• The P3 female protagonist immediately gets Futaba to open up to her by talking about headphones. Futaba also finds herself trying to help Hikari because they're similarly shy around strangers.
    • Characters tend to get along with their expy from other teams (such as the three Navigators, Naoto and Akechi, Kanji and Ryuji) and it is through an event that allows them to perform a Unison with each other.
    • Surprisingly, this is also true for Yusuke and Yukiko, bonding over their mutual love of art and Cloudcuckoolander tendencies.
  • Black Bug Room: The entire cinema is Hikari's, a corrupted Lotus-Eater Machine that now exists to force her to dwell eternally on her traumas. Actually invoked by Doe for the final film, a consensual attempt to forcefully jog her out of her amnesia by going into her personal hell for a bit to actually understand why she's so depressed.
  • "Blind Idiot" Translation:
    • A couple of rare Shadows in Junessic Land are named a type of Lexynote  when their models are Hableries.note 
    • When you reach the depths of the Theater District for the first time, Enlil summons a duo of Shadows to attack you, which are Rain Leg Musha and Wicked turret. In reality, the "Rain Leg Musha" is Hakurou Musha and uses Hakurou Musha's model. note 
  • Book-Ends:
    • The first major enemy that the party encounters is an FOE called Chicken Kid, resembling a large man in a chicken outfit. The final boss is Enlil, a giant, white, muscular eagle god; you start the game being chased by a chicken and end it by fighting an eagle.
    • The confrontation against Kamoshidaman and Enlil also have a similar execution. They all start with Joker sending the calling card to them, then they get angered and fight the party in human form. Once the fight ends, someone persuades them to give up their Control Freak plans which seemingly gets through and receives the approval of the masses, cognition or otherwise. However, during this time the boss freaks out and is surrounded by a red aura — In which they enter a Villainous Breakdown and assume their One-Winged Angel form to mercilessly attack the party.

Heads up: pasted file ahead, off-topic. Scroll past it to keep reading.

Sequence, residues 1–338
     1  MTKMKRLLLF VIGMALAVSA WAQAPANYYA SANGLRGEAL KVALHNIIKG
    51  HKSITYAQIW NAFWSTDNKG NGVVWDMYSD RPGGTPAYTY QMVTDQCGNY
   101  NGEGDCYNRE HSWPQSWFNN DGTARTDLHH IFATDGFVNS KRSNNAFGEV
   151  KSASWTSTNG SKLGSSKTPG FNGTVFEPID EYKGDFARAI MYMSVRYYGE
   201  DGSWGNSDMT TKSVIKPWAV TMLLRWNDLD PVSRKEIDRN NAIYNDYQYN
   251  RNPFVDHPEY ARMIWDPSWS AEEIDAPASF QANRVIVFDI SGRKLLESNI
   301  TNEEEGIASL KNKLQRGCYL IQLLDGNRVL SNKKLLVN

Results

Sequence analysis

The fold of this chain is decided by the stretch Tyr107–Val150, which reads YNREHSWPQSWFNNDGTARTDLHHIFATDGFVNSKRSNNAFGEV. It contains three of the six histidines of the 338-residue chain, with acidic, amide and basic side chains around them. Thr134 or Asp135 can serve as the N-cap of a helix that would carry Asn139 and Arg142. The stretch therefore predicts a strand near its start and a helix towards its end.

• The P3 female protagonist is the first person to join your default party, while, along with Aigis, the P3 male protagonist is the last.
    • Morgana is seen in cat form at the start of the game and its post-credits scene. Leblanc is also only seen in the same sections of the game as well.
    • Philemon's butterfly forms appear during the first scene of the game and right after the Phantom Thieves leave the theater, displaying a quote in the former and sending a message to the P5 hero in the latter.
    • A rendition of Memories of You is played during the first meeting between both P3 protagonists and during their farewell.
  • Boss Rush:
    • A variation, as you face the four end bosses of each dungeon in the form of The Negatives, bosses that lack the gimmicks of the actual bosses.
    • The postgame Bonus Boss challenge involves fighting through the Velvet Attendants. You start off against Caroline and Justine, then Margaret joins the fight as a third combatant while the twins get back up. The third combatant you face will be replaced with Theodore and finally Elizabeth as you complete each phase.
  • Bragging Rights Reward:
    • The Omnipotent Orb is, again, your reward for completing the battle against all the Velvet Room attendants. At this point, there's nothing left in the game that can challenge you anymore.
    • Any high-end Sub-Persona verges on this, as you would expect to complete the game by the time your characters are around level 70 to 75, and the only remaining content that may warrant their use is the postgame Bonus Boss fight.
  • Brutal Honesty: The P3P Heroine describes Fuuka's horrible cooking to something that can start a murder investigation right in front of Fuuka.
  • The Bus Came Back: Persona 3 Portable's female protagonist finally returns after not making a single appearance in any Persona subsidiary material since her debut.
  • Call-Back: